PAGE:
– I can only comment on the (lack of ) reality of the small town prairie part. I cannot comment on the islamic content, but do Muslims never talk denominations amongst themselves? Have the words ’śSunni’ť or ’śShi’™a’ť turned up in a Mosque script, yet? Let alone ’śWahhabism’ť if you really want an edgy episode? We know that the Christian pastor is an Anglican and the only joke I laughed at in season 1 was about the United Church.

    Sounds like Republic promises to be as realistic about Newfoundland as Mosque is about the prairies. So, it should be good for at least 4 seasons worth of episodes.

  5. Anonymous
    Posted January 11, 2010 at 6:49 pm | # | Reply to this masterpiece

    You are a sad sad man

    p mitchell

  6. Fake Allan
    Posted January 11, 2010 at 5:09 pm | # | Reply to this masterpiece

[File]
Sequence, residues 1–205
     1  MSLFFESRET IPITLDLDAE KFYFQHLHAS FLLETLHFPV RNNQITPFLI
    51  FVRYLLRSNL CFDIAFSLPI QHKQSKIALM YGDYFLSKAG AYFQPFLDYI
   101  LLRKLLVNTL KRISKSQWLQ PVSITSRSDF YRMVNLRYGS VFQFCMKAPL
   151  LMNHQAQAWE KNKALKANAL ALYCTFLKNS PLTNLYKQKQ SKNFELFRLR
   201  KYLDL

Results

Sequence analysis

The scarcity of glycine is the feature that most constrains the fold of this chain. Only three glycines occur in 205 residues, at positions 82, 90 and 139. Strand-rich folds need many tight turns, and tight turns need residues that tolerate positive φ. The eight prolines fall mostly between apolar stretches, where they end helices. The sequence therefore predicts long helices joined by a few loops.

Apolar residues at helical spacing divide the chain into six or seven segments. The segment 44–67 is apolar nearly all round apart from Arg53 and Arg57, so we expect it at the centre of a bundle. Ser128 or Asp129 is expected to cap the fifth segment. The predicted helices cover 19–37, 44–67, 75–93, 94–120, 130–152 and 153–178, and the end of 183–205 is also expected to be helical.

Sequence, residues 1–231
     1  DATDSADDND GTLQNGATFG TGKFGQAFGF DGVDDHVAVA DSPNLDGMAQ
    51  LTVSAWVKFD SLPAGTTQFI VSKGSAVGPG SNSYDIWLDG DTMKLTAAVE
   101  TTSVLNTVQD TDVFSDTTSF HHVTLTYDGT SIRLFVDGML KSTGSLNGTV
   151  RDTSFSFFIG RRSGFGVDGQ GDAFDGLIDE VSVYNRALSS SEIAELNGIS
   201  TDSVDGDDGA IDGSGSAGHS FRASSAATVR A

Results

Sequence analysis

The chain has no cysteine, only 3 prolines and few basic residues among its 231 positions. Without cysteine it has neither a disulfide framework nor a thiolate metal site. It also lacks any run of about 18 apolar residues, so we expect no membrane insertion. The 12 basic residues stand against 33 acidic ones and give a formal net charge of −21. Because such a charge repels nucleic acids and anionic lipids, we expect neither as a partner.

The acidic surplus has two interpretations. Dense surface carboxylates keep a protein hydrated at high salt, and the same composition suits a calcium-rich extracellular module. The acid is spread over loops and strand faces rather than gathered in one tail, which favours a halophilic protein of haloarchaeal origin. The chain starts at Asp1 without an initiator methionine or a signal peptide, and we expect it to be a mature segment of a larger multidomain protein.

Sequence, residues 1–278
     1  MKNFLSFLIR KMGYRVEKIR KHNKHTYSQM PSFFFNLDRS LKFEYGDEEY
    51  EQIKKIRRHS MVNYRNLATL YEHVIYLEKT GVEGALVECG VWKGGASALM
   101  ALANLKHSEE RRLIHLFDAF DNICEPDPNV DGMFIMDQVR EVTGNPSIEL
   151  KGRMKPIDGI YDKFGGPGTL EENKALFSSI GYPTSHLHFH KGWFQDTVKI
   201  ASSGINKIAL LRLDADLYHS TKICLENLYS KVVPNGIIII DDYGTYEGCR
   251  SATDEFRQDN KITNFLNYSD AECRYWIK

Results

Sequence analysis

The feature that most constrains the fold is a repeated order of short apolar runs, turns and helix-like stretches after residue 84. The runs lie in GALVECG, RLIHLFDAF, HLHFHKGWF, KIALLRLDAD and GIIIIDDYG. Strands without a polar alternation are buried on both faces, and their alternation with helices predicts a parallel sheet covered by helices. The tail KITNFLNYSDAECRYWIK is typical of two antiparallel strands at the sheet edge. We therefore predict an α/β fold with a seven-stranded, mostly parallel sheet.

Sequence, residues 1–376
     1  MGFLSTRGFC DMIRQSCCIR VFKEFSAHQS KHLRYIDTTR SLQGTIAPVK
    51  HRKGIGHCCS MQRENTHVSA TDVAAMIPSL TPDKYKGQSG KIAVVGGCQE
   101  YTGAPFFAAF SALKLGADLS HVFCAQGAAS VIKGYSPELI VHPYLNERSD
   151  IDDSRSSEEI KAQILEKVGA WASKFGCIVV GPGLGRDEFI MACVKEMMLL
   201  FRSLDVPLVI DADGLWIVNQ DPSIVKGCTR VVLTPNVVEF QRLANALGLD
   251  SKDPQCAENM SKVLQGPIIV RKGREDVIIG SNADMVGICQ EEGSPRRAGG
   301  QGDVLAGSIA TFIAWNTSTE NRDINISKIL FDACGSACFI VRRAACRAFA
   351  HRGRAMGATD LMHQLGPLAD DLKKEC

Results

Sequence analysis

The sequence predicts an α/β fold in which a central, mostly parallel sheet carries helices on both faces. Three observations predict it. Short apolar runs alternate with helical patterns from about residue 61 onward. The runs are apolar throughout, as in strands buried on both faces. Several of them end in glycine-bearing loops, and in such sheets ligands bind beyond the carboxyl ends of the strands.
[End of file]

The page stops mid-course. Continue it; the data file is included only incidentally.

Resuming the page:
You guys are kidding, right? Allan and the Crazy Co are down to supposing McGrath’s quit because of a Jpeg? When about thirty seconds of further reading could reveal the truth. Kind of puts the rest of your article in context. I don’t know why you’d like to hear from Brioux, Allan, just do what you always do and make it up out of utter bullshit.

    • Allan
      Posted January 11, 2010 at 6:13 pm | # | Reply to this masterpiece

      That’s often all you have to work with, and there’s an abundant supply.
      You think we missed “the truth”? Readers will get there somehow.
      McGrath recovered long ago, is currently working on a Sam Steele mini-series, gets called on by Jian and Metro Morning for “opinions”, even Toronto Star. As impressed with himself as ever.
      Things to ask Bill Brioux, Alan Hawco, Denis McGrath: did he quit or was he fired?
      What went wrong in this romantic tale?

  7. Anonymous
    Posted January 11, 2010 at 12:59 am | # | Reply to this masterpiece

    Considering how low The Hour’s ratings are, “Canada’s boyfriend” is actually more like “Canada’s delusional stalker”.